Nebraska (Rated R, 115 minutes)
The beautifully sweet story of Woody Grant (Bruce Dern), a gullible alcoholic who believes he won a million dollar sweepstake prize. After his family is unable to convince him that it is a fake, his son David (Will Forte) takes him on a road trip to Nebraska so that he can ‘collect his prize.’ This film thrives on the quirkiness of its characters; yes, Alexander Payne is a veteran director, but even he knows this film is a character piece. His visual tropes are present in film, for instance the pull back shot of a long road; but his visual style is never overbearing. He allows the characters to tell the story; which in some cases could be bad, but this style works with the character driven nature of the film.
With that said, the writing of the film is extraordinary. Bob Nelson paints a perfect picture of rural America and his writing is aided by the simple black and white imagery: this represents a perfect marriage between writing and directing. The film’s lack of color encapsulates this charming depiction of rural America; but at the same time, has certain pessimism, as if the old America is long gone after the economy’s crash. This is why the black and white color palette is perfect; it suits both the optimism and pessimism of Nebraska.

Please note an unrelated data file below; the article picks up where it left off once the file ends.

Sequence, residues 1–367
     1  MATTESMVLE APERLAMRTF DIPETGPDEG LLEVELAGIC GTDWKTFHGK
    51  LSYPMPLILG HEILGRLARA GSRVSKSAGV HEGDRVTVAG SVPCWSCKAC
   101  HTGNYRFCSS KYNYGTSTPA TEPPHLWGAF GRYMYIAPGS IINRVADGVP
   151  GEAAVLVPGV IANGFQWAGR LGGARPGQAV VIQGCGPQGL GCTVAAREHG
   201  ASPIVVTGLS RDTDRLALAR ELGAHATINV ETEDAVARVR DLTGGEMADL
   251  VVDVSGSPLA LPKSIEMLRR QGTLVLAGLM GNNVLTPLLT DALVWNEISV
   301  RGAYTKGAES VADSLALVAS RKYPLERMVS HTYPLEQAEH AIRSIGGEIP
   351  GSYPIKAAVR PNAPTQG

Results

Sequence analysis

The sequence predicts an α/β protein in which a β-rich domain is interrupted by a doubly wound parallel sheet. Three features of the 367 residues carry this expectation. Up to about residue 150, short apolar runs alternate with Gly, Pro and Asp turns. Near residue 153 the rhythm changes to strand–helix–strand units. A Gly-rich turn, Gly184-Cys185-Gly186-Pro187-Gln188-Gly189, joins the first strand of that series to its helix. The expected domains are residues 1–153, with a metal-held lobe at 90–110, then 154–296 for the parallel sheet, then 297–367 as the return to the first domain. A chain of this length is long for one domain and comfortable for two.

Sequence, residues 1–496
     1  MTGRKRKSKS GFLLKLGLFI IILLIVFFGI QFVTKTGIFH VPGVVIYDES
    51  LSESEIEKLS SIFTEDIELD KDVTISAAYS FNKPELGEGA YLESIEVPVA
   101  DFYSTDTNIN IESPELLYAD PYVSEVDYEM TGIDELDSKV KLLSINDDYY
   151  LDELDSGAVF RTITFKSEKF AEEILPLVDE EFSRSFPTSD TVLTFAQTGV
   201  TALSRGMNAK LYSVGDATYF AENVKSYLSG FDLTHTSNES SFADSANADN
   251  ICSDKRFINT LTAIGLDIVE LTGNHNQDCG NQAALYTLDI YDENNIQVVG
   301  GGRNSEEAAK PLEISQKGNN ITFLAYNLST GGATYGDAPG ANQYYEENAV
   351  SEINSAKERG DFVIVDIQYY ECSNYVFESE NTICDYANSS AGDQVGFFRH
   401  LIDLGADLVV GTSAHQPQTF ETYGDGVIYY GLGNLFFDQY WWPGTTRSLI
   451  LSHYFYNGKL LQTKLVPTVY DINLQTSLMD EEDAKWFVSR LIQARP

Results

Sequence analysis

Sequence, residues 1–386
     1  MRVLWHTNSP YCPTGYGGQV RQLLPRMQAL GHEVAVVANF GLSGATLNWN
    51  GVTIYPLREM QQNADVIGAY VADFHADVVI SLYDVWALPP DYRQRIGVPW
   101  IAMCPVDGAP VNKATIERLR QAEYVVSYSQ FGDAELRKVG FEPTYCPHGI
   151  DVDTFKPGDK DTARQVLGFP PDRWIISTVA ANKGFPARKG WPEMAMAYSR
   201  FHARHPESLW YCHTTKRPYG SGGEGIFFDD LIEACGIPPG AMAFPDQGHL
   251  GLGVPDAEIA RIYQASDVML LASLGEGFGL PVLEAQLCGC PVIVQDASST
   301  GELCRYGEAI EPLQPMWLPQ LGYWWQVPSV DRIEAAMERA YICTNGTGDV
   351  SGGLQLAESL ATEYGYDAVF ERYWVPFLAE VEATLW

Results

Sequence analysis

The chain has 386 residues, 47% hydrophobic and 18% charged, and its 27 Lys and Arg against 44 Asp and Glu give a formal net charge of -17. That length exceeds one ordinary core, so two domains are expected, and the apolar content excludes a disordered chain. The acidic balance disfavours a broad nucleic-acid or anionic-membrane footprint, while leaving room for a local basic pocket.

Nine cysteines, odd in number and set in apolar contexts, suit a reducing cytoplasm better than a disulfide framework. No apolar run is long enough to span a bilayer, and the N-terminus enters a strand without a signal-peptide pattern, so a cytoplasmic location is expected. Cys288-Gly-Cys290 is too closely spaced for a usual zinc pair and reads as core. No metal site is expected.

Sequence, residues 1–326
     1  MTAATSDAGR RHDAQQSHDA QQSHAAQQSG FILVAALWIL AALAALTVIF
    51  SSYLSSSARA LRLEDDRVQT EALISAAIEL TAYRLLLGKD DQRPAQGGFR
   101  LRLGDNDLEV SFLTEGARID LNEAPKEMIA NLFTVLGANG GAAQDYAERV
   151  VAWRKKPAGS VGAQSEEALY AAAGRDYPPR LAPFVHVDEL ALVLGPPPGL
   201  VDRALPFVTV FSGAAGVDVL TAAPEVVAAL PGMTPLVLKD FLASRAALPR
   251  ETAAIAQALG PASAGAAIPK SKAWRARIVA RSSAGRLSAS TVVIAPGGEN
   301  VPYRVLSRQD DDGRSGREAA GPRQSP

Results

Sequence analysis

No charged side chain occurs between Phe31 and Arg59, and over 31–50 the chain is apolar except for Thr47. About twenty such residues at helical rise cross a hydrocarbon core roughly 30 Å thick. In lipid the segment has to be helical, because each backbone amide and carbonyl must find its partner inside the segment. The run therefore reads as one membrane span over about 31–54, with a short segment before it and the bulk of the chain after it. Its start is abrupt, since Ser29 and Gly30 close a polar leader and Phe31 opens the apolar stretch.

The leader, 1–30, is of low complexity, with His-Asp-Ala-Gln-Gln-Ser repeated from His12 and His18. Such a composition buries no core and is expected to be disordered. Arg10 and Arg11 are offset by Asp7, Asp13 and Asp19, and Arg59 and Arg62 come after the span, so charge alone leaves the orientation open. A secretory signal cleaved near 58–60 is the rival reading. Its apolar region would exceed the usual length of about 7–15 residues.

Now, the writing and directing is good, but as previously stated, this would be nothing without the acting; however, my sole gripe with the film is that the acting feels ‘stiff’ at the beginning. Luckily after the initial ten minutes, the whole cast improves and that is when the movie really takes off. Bruce Dern’s Woody has the perfect story arch; at the beginning no one seems to like him. He is an airheaded alcoholic, who may or may not have been a good father; he seems self-centered and his silence seems like an indication of his one-track mind. Yet, as the movie progresses, the audience begins to understand why David cares so much about his distant father. He is a nice guy under this silent guise and his biggest problem results from believing in the good of people; this naivety may be the reason why he wants this million dollars to exist. But the money also, might be his last chance to regain his pride and to show his son who he really is. And speaking of the son, the usually crass Will Forte brings the son David to life; but this everyman role suits him better than the SNL shtick that got him famous.
Last, the amazing June Squibb plays the wonderfully loud spouse of Woody. Kate is a peculiar character because her actions may seem rude and obnoxious, but she is a rude woman with a heart of gold. Yes, at the beginning she seems annoying, but by the end the audience understands how this marriage lasted as long as it did. She may scream and yell, but in the end, there is true love behind the yelling. June Squibb is phenomenal, but it certainly helps when Bob Nelson gives her the best dialogue.
To some this may seem like a pessimistic story about simple people, but this father and son journey connected with me. There is no final hug or clichéd embrace between them, just a better understanding of each other. Which is why this feels like a real relationship and not the fake crap Hollywood churns out. I am honestly shocked by how much I loved this film; if I saw this last year it would have been in my top five favorites of 2013.